Vision Changes As You Age
As we age, our bodies experience declines in overall performance, including the performance of our eyes. The age-related vision changes become more noticeable as we reach age 60 and older. Some vision changes are entirely normal and do not indicate disease, whereas others may be indications of major eye diseases. This is why eye exams become particularly important when you reach age 50!
Presbyopia is an ordinary loss of focusing ability, typically noticed after the age of 40. The lens inside your eye hardens as you age and causes difficulty focusing on objects up close. The first signs of presbyopia are often holding a phone or reading material farther away from your eyes. As you age, presbyopia will worsen. Eventually, it requires reading glasses, progressive lenses, or multifocal contact lenses to focus on objects up close.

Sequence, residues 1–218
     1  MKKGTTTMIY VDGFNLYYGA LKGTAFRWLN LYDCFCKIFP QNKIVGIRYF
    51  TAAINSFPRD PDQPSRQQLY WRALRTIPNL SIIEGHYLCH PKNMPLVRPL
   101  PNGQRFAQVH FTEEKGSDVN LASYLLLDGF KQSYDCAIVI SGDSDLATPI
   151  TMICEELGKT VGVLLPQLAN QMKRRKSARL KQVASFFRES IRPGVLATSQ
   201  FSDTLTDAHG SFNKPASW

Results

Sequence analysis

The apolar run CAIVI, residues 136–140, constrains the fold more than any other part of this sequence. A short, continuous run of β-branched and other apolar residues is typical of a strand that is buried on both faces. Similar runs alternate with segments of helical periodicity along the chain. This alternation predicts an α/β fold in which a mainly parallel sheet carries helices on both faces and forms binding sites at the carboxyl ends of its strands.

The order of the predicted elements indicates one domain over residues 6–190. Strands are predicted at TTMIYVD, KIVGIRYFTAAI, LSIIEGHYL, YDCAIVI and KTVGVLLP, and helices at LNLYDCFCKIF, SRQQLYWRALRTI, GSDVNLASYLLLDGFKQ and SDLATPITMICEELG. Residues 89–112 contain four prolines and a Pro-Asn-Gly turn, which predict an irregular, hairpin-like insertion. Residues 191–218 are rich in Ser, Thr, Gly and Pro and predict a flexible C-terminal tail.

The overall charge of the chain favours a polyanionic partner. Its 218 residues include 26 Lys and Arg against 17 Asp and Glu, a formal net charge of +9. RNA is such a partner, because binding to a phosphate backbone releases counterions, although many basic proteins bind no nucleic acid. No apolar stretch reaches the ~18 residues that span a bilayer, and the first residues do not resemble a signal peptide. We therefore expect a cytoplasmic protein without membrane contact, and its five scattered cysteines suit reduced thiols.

Structures of the Eye
As individuals age, the structures of the eye can lose strength or desensitize which causes your vision to change. These are often subtle changes over time and make slight impacts on vision.
Muscles that control pupil size and reaction lose strength over time, causing the pupil to become smaller and less reactive to light.
Our bodies produce fewer tears as we age. Women after menopause may experience worse dry eye symptoms than others.
It is normal to experience some loss of peripheral vision. The average decrease in the visual field is 1-3 degrees per decade of life.
The cells responsible for color vision decline in sensitivity as we age, which can cause colors to appear less bright.
The gel-like substance in your eye, called vitreous, begins to liquefy as you age. It is potentially causing spots and floaters in your vision.
As you age, you should expect vision changes. However, the only way to ensure those changes are normal and not due to eye disease is through comprehensive eye exams with your eye doctor. Additionally, the standard recommendation is for individuals over age 50 to have annual eye exams to protect the health of their eyes.